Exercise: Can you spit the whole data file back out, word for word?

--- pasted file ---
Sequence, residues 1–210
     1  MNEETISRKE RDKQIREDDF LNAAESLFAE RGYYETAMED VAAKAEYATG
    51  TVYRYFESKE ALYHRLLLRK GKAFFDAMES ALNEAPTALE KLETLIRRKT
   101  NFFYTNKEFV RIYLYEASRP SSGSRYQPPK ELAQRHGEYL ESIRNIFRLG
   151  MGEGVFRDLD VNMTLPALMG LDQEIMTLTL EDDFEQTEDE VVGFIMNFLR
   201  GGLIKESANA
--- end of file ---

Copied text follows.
Sequence, residues 1–210
     1  MNEETISRKE RDKQIREDDF LNAAESLFAE RGYYETAMED VAAKAEYATG
    51  TVYRYFESKE ALYHRLLLRK GKAFFDAMES ALNEAPTALE KLETLIRRKT
   101  NFFYTNKEFV RIYLYEASRP SSGSRYQPPK ELAQRHGEYL ESIRNIFRLG
   151  MGEGVFRDLD VNMTLPALMG LDQEIMTLTL EDDFEQTEDE VVGFIMNFLR
   201  GGLIKESANA